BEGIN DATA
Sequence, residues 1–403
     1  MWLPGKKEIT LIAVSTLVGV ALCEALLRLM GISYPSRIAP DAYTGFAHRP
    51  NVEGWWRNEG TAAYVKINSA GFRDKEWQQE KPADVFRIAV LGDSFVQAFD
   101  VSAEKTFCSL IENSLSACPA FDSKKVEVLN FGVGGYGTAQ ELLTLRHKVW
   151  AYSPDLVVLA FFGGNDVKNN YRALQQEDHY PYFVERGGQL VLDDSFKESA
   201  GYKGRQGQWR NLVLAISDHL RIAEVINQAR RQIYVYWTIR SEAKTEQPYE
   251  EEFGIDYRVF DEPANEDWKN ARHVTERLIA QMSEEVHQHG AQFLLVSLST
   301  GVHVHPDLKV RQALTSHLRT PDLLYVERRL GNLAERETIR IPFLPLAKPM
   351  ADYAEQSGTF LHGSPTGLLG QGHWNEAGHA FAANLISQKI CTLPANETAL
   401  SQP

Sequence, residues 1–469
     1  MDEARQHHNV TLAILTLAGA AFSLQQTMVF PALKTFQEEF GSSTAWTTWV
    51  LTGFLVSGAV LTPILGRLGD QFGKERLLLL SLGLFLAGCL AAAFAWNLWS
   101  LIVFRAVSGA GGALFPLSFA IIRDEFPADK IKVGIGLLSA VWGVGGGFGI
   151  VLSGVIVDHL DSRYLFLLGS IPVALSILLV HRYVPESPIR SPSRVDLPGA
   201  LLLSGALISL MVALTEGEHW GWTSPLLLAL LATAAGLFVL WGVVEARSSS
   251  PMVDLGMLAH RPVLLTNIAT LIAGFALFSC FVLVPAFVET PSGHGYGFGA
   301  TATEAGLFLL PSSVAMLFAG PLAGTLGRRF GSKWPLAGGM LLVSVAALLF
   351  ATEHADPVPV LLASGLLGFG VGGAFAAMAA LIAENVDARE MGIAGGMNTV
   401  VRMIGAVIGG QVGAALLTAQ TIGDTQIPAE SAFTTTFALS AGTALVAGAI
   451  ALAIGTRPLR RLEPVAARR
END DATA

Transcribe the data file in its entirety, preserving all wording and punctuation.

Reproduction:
Sequence, residues 1–403
     1  MWLPGKKEIT LIAVSTLVGV ALCEALLRLM GISYPSRIAP DAYTGFAHRP
    51  NVEGWWRNEG TAAYVKINSA GFRDKEWQQE KPADVFRIAV LGDSFVQAFD
   101  VSAEKTFCSL IENSLSACPA FDSKKVEVLN FGVGGYGTAQ ELLTLRHKVW
   151  AYSPDLVVLA FFGGNDVKNN YRALQQEDHY PYFVERGGQL VLDDSFKESA
   201  GYKGRQGQWR NLVLAISDHL RIAEVINQAR RQIYVYWTIR SEAKTEQPYE
   251  EEFGIDYRVF DEPANEDWKN ARHVTERLIA QMSEEVHQHG AQFLLVSLST
   301  GVHVHPDLKV RQALTSHLRT PDLLYVERRL GNLAERETIR IPFLPLAKPM
   351  ADYAEQSGTF LHGSPTGLLG QGHWNEAGHA FAANLISQKI CTLPANETAL
   401  SQP

Sequence, residues 1–469
     1  MDEARQHHNV TLAILTLAGA AFSLQQTMVF PALKTFQEEF GSSTAWTTWV
    51  LTGFLVSGAV LTPILGRLGD QFGKERLLLL SLGLFLAGCL AAAFAWNLWS
   101  LIVFRAVSGA GGALFPLSFA IIRDEFPADK IKVGIGLLSA VWGVGGGFGI
   151  VLSGVIVDHL DSRYLFLLGS IPVALSILLV HRYVPESPIR SPSRVDLPGA
   201  LLLSGALISL MVALTEGEHW GWTSPLLLAL LATAAGLFVL WGVVEARSSS
   251  PMVDLGMLAH RPVLLTNIAT LIAGFALFSC FVLVPAFVET PSGHGYGFGA
   301  TATEAGLFLL PSSVAMLFAG PLAGTLGRRF GSKWPLAGGM LLVSVAALLF
   351  ATEHADPVPV LLASGLLGFG VGGAFAAMAA LIAENVDARE MGIAGGMNTV
   401  VRMIGAVIGG QVGAALLTAQ TIGDTQIPAE SAFTTTFALS AGTALVAGAI
   451  ALAIGTRPLR RLEPVAARR